Al-Kashshaf (a.k.a. ‘The Revealer; Quran Interpretation’) was written in the 12th century. It is the best known work of Al-Zamakhshari. Indeed, many linguists throughout history have attributed Al-Zamakhshari’s fame to this book. Check out Shabir Ally on, “Al-Zamakhshari, the Quran and the Crucifixion of Jesus”.

In this book, on page 271, Al-Zamakhshari cited different reports of how Eisa (as) escaped being hung on the cross (salaboo-hoo), he also gives differing views on 4:159 and says:

“”…It means that every Kitaabi must believe in Eisa, before Eisa dies, and this refers to the kitaabis of the time of his descent (not every kitaabi from today til then)..and it is narrated in the hadith that he will descend from the sky at the end of time….he will live 40 years and then he will pass away and the Muslims will pray his janaaza and bury him.”””(This hadith is in Sunan Abu Daud, #4675).

The name of this book (Al-Kashshaf) is derived from the verb kashaf ‘to uncover’. Thus, this book attempts to uncover the syntactic and semantic ambiguities of Quranic expressions. In the text, Al-Zamakhshari explained his motivation, impetus and goals for constructing it. In fact, he once admitted that he was hesitant to write this book, as he thought he might not have the skills needed to interpret the Quran appropriately. He said that whenever he was teaching his students and mentioning a Quranic verse, his students seemed to learn new meanings they have never come across before. As he continued to do that, students were more interested in Quranic interpretation than in other subject matters.

Zamakhshari on 33:40
Pages 858-859

“”And if you said: how can he (Muhammad) be the last of the prophets when Eisa is going to descend at the end of time? I say: the meaning of him being the last of the prophets is that nobody will be granted prophethood after Muhammad…and Eisa was granted prophethood before Muhammad…”



Zamakhshari on prophethood fully explained
Zamakhshari, no doubt, stated that khatam means a seal, but he has not denied that it also means last.  After stating the meaning of khatam as a seal it has been mentioned clearly – akhiru-hum la yanba’u aha-dum ba’duhu, that is, the last prophet after whom there would be no prophet. Thus in Kashshaf by Zamakhshari, although khatam means a seal, nevertheless, Khatam an-Nabiyyin according to him decidedly means the ‘Last of the Prophets’ as has been mentioned at the same place: fa-in qultakaifa kana akhirul anbiya-o; that is, if he had said so, then how is he the ‘Last of the Prophets’?  He also accepts the reading of khatam (with fatha on ta) and states distinctly: inna-hum bihi khutimu nabiyyin-fa –huwa kal khatimi wat-tabi-i ‘la-hum, that is, prophets have come to an end with him (the Holy Prophet), thus he is like a seal and signet for them. Because when a seal is set on something it means that nothing can enter therein. Whatever meaning is given to the Hadith about the Holy Prophet being the last brick of the palace of prophethood is applicable to the word seal.  Then he writes wa man zahaba ila anna al-nubuwwata mukhtasabatun la yanqatiu’…. fa huwa zindiqun yajibu qatalahu, that is, and he who holds the belief that prophethood could be acquired and has not been terminated is a heretic and deserves death.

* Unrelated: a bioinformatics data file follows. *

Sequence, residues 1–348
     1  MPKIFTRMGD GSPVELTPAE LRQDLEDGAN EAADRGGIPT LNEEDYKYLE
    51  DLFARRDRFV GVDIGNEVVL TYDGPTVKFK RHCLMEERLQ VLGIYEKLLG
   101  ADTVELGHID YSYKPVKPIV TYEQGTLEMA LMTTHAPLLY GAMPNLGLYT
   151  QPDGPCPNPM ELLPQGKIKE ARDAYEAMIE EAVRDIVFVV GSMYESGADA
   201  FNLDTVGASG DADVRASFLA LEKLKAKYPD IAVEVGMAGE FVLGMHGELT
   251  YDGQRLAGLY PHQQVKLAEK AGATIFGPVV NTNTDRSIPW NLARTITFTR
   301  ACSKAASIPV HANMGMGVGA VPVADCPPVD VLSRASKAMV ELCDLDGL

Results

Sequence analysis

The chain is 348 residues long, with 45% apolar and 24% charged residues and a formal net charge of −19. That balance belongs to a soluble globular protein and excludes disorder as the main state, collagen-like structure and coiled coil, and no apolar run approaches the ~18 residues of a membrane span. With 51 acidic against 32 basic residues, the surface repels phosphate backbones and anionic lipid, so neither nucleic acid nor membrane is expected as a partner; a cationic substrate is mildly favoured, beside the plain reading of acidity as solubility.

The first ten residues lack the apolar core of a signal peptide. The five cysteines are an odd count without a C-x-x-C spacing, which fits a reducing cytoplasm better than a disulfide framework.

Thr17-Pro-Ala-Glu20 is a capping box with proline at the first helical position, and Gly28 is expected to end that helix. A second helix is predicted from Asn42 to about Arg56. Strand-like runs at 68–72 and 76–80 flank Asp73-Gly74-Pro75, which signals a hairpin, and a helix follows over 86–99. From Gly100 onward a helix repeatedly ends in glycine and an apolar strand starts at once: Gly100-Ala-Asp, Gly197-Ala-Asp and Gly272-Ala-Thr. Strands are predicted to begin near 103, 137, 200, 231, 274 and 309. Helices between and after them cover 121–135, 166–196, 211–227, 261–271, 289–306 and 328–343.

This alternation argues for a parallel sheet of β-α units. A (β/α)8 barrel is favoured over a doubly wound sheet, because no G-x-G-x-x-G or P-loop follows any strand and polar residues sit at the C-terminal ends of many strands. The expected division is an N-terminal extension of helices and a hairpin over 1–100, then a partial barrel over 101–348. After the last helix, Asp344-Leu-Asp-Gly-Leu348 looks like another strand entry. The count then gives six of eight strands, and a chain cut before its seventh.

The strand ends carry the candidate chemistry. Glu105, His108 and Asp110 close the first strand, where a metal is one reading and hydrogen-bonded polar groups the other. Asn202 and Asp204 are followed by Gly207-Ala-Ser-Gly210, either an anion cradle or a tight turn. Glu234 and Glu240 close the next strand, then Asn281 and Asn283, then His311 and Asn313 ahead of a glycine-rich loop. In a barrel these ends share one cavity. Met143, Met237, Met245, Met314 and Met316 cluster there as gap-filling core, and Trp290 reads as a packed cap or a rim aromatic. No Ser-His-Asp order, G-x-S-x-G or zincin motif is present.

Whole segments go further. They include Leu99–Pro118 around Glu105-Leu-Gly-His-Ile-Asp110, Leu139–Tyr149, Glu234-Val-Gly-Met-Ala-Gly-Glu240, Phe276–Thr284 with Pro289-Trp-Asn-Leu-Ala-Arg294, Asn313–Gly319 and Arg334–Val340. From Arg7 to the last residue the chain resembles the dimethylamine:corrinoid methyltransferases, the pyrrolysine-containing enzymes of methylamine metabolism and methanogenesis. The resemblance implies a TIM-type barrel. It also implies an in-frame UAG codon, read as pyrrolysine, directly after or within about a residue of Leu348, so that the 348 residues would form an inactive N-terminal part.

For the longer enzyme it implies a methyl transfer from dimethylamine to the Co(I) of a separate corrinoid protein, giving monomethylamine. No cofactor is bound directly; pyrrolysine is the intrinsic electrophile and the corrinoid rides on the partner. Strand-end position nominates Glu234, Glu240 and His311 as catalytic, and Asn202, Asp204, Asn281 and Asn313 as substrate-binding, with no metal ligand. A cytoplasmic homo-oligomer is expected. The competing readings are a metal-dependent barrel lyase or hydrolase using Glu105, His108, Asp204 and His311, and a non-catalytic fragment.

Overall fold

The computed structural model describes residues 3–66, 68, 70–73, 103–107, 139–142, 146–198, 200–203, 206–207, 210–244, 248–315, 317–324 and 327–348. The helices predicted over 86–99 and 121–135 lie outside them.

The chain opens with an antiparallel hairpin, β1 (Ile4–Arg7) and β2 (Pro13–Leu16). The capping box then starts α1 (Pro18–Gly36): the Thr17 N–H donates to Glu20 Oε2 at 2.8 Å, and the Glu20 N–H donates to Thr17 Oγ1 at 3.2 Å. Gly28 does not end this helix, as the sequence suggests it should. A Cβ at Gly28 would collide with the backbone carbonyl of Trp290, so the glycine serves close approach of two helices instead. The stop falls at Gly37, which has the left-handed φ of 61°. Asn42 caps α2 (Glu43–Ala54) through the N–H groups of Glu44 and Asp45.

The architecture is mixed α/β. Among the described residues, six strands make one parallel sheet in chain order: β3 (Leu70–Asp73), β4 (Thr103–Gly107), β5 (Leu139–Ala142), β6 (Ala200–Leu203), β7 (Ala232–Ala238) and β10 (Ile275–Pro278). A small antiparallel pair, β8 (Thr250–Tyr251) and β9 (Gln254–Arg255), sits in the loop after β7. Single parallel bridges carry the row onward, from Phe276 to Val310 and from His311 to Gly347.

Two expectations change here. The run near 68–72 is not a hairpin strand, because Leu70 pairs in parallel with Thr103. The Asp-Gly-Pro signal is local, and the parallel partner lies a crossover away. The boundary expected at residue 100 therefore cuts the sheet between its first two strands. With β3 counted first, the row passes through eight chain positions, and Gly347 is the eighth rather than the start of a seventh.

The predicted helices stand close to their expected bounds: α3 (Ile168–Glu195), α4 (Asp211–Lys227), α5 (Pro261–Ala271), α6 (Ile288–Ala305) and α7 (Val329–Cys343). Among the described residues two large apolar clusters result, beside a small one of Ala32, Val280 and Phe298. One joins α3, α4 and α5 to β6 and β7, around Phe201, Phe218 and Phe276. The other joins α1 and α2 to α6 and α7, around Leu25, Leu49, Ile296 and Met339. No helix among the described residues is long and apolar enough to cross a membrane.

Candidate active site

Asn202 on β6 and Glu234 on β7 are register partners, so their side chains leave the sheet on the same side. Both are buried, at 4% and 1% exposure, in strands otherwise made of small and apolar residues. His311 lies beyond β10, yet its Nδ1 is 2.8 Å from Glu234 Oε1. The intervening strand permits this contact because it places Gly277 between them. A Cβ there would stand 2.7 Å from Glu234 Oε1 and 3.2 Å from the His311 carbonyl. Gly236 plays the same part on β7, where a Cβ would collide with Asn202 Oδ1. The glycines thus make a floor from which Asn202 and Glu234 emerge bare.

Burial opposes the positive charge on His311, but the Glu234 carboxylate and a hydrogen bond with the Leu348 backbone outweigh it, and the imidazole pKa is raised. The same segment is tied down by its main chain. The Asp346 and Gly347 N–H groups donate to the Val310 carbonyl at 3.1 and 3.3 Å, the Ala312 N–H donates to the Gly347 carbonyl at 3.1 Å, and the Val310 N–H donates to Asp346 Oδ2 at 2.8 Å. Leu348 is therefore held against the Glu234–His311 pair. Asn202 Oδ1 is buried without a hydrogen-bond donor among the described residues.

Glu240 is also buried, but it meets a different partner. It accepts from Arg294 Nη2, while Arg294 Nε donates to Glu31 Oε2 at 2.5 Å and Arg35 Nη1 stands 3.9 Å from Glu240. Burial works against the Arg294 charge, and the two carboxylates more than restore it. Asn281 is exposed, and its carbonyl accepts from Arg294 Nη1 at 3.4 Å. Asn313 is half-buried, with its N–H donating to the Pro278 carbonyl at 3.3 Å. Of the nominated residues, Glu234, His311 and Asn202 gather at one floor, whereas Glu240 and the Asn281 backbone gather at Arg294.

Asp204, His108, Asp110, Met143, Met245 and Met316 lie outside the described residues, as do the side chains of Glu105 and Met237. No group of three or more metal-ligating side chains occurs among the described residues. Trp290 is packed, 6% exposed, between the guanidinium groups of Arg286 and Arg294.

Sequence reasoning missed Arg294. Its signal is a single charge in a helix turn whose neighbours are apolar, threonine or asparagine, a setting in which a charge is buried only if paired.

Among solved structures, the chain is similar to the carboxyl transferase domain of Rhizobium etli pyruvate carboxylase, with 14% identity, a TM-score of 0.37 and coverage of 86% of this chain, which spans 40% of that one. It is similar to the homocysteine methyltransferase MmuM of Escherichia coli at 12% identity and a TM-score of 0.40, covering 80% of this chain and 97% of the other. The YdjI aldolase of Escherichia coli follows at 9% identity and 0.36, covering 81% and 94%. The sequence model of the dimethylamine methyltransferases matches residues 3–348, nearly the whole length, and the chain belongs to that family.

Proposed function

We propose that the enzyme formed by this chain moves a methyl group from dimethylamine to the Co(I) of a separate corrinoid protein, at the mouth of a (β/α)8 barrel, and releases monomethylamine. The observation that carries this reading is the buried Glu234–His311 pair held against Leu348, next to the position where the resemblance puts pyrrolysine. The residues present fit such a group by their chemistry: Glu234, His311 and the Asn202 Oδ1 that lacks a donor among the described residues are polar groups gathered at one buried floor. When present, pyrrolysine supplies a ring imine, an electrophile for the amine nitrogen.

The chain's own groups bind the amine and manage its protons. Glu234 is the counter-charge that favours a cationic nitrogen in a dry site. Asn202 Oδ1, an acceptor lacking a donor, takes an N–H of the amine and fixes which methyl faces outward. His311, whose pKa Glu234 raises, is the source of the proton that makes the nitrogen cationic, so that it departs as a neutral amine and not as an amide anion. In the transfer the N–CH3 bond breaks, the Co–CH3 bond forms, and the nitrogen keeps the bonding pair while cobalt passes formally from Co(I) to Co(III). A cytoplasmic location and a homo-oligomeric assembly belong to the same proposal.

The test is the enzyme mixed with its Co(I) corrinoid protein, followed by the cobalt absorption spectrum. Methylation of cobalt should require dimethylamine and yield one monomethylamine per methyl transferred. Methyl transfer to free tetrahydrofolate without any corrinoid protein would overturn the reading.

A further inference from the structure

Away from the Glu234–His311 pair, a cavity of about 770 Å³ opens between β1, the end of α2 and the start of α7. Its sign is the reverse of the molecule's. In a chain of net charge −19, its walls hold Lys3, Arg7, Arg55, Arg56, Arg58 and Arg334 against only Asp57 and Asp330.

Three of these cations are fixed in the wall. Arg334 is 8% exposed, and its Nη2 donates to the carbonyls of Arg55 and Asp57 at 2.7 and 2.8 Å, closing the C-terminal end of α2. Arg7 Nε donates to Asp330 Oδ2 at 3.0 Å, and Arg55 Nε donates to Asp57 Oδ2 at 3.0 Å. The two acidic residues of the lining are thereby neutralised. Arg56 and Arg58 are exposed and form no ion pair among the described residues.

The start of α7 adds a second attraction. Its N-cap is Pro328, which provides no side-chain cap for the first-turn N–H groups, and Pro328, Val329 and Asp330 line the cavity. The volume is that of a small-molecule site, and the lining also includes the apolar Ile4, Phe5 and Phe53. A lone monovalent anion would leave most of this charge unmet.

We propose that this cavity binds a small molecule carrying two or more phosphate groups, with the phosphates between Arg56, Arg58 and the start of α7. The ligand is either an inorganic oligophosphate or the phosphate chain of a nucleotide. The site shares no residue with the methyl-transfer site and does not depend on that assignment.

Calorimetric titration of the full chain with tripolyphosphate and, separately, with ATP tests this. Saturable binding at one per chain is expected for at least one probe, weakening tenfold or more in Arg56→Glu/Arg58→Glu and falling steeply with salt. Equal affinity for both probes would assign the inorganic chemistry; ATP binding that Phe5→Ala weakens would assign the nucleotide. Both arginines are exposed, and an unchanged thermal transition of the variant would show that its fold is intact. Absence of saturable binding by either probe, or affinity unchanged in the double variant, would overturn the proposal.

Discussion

Zamakhshari on 4:157

Todd Lawson’s book, “Christ and the Crucifixion”, he writes that Al-Zamakhshari was the first Muslim to ever challenge the “Substitution-theory” as well as the last (See Lawson, page 103). Lawson divides the past 1400 years into 3 distinct eras. Pre-Tabari Tafsir, which is 687–923, the classic and medieval tafsir’s are 923-1505, and the final category is called modern developments. It’s important to note that in the first category, the Pre-Tabari Tafsir era, all Tafsir’s gave the “substitution theory” and never questioned the grammatical prose of “Shubbiha Lahum”. The earliest translations and commentaries by Ibn Abbas and Al-Makki indicate that the proper translation is “But so it was made to appear to them”. In fact, in the “Pre-Tabari Tafsir era”, Lawson researched and quoted 13 top scholars from this era, and they all gave the same opinion about Shubbiha Lahum, i.e. that it referred to the “Substitution theory”. In conclusion, Zamakhshari was a heretic as were all Mutazalite’s, and they differed amongst themselves, however, they were in with the ruling family (the abbassids) and had Ibn Hanbal executed and continued to sway islamic opinion.

Scans from Todd Lawson
Pages 100-103
Todd Lawson’s book, “Christ and the Crucifixion

Zamakhshari on 3:55
Page 174

“””…I will save you from being killed by the Kuffar and I will postpone you to a term I have written for you….and raise you up to the sky….and it is said: that mutawafeeka means qaabiduku (I will seize you take you from the Earth, I took tawaffaaytu my money from fulaan, therefore I recieved it..”


How many times does “Shubbiha Lahum” occur in the Quran?

“””Some form of sh-b-h appears in the Quran 12 times and in 8 separate verses. 2:70, 3:7 (twice), 13:16, 2:118, 6:99 (twice), 2:25, 39:23 and 4:157. The meaning of the root varies, of course, according to the 6 different forms it assumes in these contexts.  The most frequent meaning is a function of the 3rd-form verbal usage, ‘to be similar or nearly identical to the point of confusion of true identity’ (see Lawson, page 32).””

Links and Related Essay’s

Al-Kashshaaf – Wikipedia

al-Zamakhshari – Wikipedia


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